Christian Medical College, Ludhiana

North India’s first rural Centre-of-Excellence for Stroke and Neurological diseases

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Establishing a high-quality, affordable, treatment, public health research, teaching, and training facility, specializing in Stroke care, and allied neurological disorders for rural and underserved communities

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Lead Organization

Christian Medical College, Ludhiana

Ludhiana, State of Punjab, India

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To learn more about – or provide significant funding to – this project, please contact Lever for Change.

Project Summary

Rising stroke incidence in India, disproportionately affects rural inhabitants and is the leading cause of both death and disability. The burden of disease far outstrips the availability of medical infrastructure, and skilled human resource to provide timely and efficient, acute, rehabilitative and preventative services. We propose to establish a state of the art, Centre of care, learning, and health research for stroke and allied neurological diseases in a population-dense region of rural Punjab. This "hub" of Neuroscience excellence will provide specialist consultations to "spokes" of affiliated mission hospitals, and government-primary (PHC), and community health centres (CHCs), in remote locations, via teleneurology. It will undertake capacity building through training programs for emergency physicians, specialists, non-specialist medical doctors, nurses, and physiotherapists, in low resource setting, and utilize task shifting to non-physician health-workers to educate the public, evaluate at-risk subjects, recognize warning signs, and decide on appropriate course of action for optimum outcomes.

Problem Statement

Rural India is besieged by an epidemic of neurological disorders like stroke, epilepsy, dementia, and traumatic brain injuries (TBI). In this disease cluster, stroke is the leading cause of death in rural Indians, with a case fatality rate of 27-42%, and a contributor to severe disability. Only 20% of patients suffering from stroke will ever go back to work. With 70% of the country’s population residing in rural areas, the struggle to achieve health equity, is impeded by :a) Insufficient numbers of qualified and specialized health workers in remote and rural areas-India has the lowest number of physicians per 10,000 population among BRIC countries, and b) Large imbalances in practitioner and medical infrastructure density. Nearly 60% of hospitals, and 80% of doctors are in urban areas, serving only 28% of the population. Individuals residing in rural communities have a higher incidence of stroke due to a lack of awareness of contributing factors, inability to afford secondary prevention drugs, lack of access to routine stroke treatments, and greater post-stroke disability due to limited rehabilitation workforce and resources. Use of teleneurology to ensure access to consultation and care in rural areas has emerged as an effective Stroke System of Care. India takes the top spot amongst 148 countries in terms of affordability of Information and Connectivity Technology (ICT). The implementation of a specialized-treatment Hub in rural Punjab connected to hospitals/clinic-Spokes across India, when paired with ICT presents an effective model well networked for expanding comprehensive stroke care optimising use of technology.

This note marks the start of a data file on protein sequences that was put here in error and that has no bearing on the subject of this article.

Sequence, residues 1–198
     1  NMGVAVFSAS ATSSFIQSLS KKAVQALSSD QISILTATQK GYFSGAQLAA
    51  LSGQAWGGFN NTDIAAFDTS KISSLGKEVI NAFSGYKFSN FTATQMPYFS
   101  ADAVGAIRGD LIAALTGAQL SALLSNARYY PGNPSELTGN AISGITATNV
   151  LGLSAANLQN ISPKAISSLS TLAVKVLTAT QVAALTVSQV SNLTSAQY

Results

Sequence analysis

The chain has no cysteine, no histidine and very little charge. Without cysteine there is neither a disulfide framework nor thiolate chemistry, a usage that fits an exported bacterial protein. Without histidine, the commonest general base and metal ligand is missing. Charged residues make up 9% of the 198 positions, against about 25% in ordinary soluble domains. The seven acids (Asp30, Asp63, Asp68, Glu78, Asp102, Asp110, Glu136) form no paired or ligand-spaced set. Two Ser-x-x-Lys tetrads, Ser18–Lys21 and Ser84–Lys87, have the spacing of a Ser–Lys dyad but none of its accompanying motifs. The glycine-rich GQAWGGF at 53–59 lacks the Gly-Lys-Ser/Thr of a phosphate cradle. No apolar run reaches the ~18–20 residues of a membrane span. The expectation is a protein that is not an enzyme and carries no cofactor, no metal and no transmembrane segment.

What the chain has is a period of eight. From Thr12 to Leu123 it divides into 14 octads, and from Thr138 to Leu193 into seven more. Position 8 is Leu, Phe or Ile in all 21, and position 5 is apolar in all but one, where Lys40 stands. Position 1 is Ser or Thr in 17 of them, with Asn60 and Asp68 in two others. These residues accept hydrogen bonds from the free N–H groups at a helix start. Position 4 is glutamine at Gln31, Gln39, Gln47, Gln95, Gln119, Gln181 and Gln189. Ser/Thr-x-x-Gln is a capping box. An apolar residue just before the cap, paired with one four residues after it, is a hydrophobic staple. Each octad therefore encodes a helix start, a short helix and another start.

Solution Overview

Our solution will broadly impact a large population by improving a) Rural healthcare infrastructure and b) Undertaking capacity-building through training, recruitment, and retention of health workers in these areas. 2) Mid-level health workers with an enhanced scope of practice can provide vital health-service delivery particularly in areas with a shortage of doctors, while efforts are made towards scaling-up the production of physicians, and nurses. CMC-L trained ASHA workers, enabled with telemedicine to keep in touch with physicians at the HUBS, will visit villages across Punjab, and ensure cost-effective, quality healthcare access. 3) Using Tele-stroke units, we can provide round the clock to access to neurological experts for brain imaging evaluations, and patient consultations at various tertiary care centres.4) Stroke-surveillance, interventional, and outcomes research in rural populations, is sorely needed to inform effective national policy on stroke care. Studying the health and health-seeking behavioral patterns of villagers visiting the proposed facility, will aid in the design of effective care methods.The proposed facility will serve the states of Punjab, Haryana, Himachal Pradesh, Rajasthan, and Jammu & Kashmir, where an estimated 16 million people with neurological disorders do not have access to quality care. Stroke services will also be accessible to Ludhiana district-population-3.5million. Our program will particularly target tribal populations in Jharkhand, Rajasthan, and Jammu & Kashmir where primary care centre shortfalls are the highest in the nation. Patient-oriented benefits will include reduction in catastrophic health expenditures, stroke-related deaths, greater functional improvements in stroke survivors, and greater disease awareness.

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